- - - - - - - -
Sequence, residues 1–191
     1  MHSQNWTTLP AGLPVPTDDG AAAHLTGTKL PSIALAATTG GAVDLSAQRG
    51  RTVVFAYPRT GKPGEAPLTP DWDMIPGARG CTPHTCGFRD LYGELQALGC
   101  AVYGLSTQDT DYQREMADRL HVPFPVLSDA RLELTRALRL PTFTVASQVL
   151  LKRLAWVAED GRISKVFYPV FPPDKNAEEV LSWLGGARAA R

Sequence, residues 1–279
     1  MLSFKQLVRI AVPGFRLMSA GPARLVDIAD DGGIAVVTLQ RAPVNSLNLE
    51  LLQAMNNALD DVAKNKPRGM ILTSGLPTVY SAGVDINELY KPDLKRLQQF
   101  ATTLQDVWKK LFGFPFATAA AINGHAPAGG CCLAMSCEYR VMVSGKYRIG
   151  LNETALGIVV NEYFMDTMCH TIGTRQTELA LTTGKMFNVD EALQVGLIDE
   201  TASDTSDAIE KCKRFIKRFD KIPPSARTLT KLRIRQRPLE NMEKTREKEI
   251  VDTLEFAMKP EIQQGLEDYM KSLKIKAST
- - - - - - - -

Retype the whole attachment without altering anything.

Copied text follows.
Sequence, residues 1–191
     1  MHSQNWTTLP AGLPVPTDDG AAAHLTGTKL PSIALAATTG GAVDLSAQRG
    51  RTVVFAYPRT GKPGEAPLTP DWDMIPGARG CTPHTCGFRD LYGELQALGC
   101  AVYGLSTQDT DYQREMADRL HVPFPVLSDA RLELTRALRL PTFTVASQVL
   151  LKRLAWVAED GRISKVFYPV FPPDKNAEEV LSWLGGARAA R

Sequence, residues 1–279
     1  MLSFKQLVRI AVPGFRLMSA GPARLVDIAD DGGIAVVTLQ RAPVNSLNLE
    51  LLQAMNNALD DVAKNKPRGM ILTSGLPTVY SAGVDINELY KPDLKRLQQF
   101  ATTLQDVWKK LFGFPFATAA AINGHAPAGG CCLAMSCEYR VMVSGKYRIG
   151  LNETALGIVV NEYFMDTMCH TIGTRQTELA LTTGKMFNVD EALQVGLIDE
   201  TASDTSDAIE KCKRFIKRFD KIPPSARTLT KLRIRQRPLE NMEKTREKEI
   251  VDTLEFAMKP EIQQGLEDYM KSLKIKAST